The Unbecoming of Mara Dyer
I should probably start off by saying that I have a disgusting fear of the dark. I also hate leaving my toes uncovered in bed, because I can't help but imagine a bony hand pulling me under and taking me away in the middle of the night.
I started the Mara Dyer trilogy in my room, in the dark, with the blinds from my window open. I had to walk by countless mirrors while reading the first and second book, and I dashed across the second floor balcony and leapt from the hall into my bed more times than I would like to admit.
Most of my fears have been with me since I was eight years old and forced to take the trash to the road in the middle of the night after watching Jeepers Creepers, but some of my recent fear came straight from reading about Mara seeing people behind her in mirrors.
I avoided mirrors at all cost last week.
Mara is an interesting character, and Michelle Hodkin is a very talented writer. I had absolutely no idea what was going on with Mara the entire story, and I was completely hooked by the weirdness; I was intrigued by the idea that Mara could hurt people just by thinking about hurting them.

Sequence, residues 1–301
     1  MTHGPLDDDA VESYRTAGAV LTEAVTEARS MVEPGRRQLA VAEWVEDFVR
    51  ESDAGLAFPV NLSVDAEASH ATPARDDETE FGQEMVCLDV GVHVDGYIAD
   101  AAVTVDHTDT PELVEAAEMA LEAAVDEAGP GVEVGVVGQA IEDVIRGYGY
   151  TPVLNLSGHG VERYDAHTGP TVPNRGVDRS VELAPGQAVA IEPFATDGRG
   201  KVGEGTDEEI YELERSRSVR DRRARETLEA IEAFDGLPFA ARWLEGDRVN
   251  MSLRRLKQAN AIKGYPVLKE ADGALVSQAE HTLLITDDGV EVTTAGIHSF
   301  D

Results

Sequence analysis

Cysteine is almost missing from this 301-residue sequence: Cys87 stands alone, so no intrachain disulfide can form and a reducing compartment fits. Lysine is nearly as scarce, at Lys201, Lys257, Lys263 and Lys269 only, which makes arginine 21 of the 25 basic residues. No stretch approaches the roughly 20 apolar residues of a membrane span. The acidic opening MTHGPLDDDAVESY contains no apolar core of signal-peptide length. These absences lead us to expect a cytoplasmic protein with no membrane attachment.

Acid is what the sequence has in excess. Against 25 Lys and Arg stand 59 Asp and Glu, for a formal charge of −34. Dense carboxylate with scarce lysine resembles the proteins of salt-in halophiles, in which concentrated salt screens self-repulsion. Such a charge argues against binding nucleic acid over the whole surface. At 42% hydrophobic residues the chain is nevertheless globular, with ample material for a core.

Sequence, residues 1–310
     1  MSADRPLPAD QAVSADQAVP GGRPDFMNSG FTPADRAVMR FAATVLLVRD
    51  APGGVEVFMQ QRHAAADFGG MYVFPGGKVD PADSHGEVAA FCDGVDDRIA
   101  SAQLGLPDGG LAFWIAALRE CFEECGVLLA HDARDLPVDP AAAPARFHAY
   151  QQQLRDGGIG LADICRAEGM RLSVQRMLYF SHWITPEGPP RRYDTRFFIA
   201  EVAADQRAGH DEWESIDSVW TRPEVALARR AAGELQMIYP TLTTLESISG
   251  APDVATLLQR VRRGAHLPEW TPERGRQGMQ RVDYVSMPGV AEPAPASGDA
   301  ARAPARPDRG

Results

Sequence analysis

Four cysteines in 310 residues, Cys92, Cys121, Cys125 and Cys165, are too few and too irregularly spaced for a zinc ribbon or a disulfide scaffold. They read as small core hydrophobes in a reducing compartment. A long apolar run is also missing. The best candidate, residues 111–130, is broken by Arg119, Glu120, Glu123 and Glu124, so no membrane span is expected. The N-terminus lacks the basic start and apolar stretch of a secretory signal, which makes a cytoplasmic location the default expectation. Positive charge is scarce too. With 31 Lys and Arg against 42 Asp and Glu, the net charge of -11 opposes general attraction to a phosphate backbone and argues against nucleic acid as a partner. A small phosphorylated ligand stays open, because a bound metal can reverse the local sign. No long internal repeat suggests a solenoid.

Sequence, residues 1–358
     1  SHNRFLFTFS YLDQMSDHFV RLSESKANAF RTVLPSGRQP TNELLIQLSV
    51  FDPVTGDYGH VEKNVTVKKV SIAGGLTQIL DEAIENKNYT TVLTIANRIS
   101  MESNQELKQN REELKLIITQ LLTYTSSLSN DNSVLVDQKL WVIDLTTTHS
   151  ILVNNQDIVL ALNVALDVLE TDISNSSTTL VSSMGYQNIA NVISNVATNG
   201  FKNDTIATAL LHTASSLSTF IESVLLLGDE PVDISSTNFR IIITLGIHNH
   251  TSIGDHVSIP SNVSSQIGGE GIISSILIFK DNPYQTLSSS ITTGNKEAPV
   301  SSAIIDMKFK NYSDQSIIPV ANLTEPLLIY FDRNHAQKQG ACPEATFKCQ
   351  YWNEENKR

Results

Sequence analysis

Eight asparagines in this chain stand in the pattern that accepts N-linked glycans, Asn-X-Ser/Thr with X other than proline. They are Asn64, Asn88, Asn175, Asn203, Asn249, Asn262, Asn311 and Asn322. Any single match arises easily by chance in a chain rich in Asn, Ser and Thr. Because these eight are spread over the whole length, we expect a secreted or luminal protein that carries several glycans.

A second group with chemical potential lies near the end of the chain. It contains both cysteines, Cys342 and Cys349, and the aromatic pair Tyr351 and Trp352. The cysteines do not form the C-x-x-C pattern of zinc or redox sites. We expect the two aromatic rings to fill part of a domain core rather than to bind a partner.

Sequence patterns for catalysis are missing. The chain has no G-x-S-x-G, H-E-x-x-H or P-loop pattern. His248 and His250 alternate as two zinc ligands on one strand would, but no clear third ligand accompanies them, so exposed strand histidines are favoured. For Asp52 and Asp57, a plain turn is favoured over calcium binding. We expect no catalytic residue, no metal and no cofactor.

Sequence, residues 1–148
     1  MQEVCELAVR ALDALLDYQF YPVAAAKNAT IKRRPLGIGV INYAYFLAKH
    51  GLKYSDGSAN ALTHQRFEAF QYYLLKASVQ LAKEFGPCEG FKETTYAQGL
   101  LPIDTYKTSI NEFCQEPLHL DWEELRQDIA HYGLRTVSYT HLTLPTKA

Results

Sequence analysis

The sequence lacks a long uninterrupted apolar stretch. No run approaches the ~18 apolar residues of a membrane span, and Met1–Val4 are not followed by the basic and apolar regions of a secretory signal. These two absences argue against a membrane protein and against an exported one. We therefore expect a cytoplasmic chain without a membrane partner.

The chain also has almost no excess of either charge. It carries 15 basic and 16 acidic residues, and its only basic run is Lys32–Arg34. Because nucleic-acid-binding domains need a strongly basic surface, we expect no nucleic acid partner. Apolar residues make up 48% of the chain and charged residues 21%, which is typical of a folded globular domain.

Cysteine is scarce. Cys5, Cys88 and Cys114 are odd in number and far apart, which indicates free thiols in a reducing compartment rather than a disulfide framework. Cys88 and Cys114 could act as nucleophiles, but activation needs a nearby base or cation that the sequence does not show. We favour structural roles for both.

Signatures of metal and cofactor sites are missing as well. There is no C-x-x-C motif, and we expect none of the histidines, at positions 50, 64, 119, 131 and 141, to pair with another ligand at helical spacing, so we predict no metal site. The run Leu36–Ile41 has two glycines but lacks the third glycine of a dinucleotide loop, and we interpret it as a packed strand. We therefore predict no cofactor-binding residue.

And each time she saw her friends, friends that had died, behind her in a mirror I was able to see them as well. And I felt her anger each time her mother didn't believe her.
This is not the longest review of a book I've ever written; however, there are two sentences from the story that I feel are important to me.
“Thinking something does not make it true. Wanting something does not make it real.”
Throughout the story Mara does not know what is real and what is not. The only people that seem to believe her are her brother, Daniel, and Noah. She isn't sure she even believes herself, and I was able to relate to that idea in my own way.
Thinking that people don't like me doesn't make it true. Thinking that I don't have as much talent as other people doesn't make it true. I think we can kill our own dreams ourselves. So maybe we should believe in our stories when other people are telling us they are good and real and important.
"You're not broken."
We don't need to be fixed, because we aren't broken. A lot of people deal with insecurity, and a lot of people go through time when they don't believe in themselves. Mara wants to be better, and I applaud her for that. I always want to be better than I was yesterday, and I want to learn from my insecurities and fears.
I want to be brave.
I really thought this story was frightening, and it was awesome to be scared while reading again.